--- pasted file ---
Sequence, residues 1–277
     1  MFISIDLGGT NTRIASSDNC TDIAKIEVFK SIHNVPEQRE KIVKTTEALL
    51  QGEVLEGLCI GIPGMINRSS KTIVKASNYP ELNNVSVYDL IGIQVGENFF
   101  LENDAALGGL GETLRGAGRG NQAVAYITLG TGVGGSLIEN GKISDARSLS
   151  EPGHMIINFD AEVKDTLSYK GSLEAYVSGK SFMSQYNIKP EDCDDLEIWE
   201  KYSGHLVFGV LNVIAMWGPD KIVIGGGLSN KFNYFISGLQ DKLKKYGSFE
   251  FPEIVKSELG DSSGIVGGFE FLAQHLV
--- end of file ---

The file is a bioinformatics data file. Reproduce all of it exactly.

Sequence, residues 1–277
     1  MFISIDLGGT NTRIASSDNC TDIAKIEVFK SIHNVPEQRE KIVKTTEALL
    51  QGEVLEGLCI GIPGMINRSS KTIVKASNYP ELNNVSVYDL IGIQVGENFF
   101  LENDAALGGL GETLRGAGRG NQAVAYITLG TGVGGSLIEN GKISDARSLS
   151  EPGHMIINFD AEVKDTLSYK GSLEAYVSGK SFMSQYNIKP EDCDDLEIWE
   201  KYSGHLVFGV LNVIAMWGPD KIVIGGGLSN KFNYFISGLQ DKLKKYGSFE
   251  FPEIVKSELG DSSGIVGGFE FLAQHLV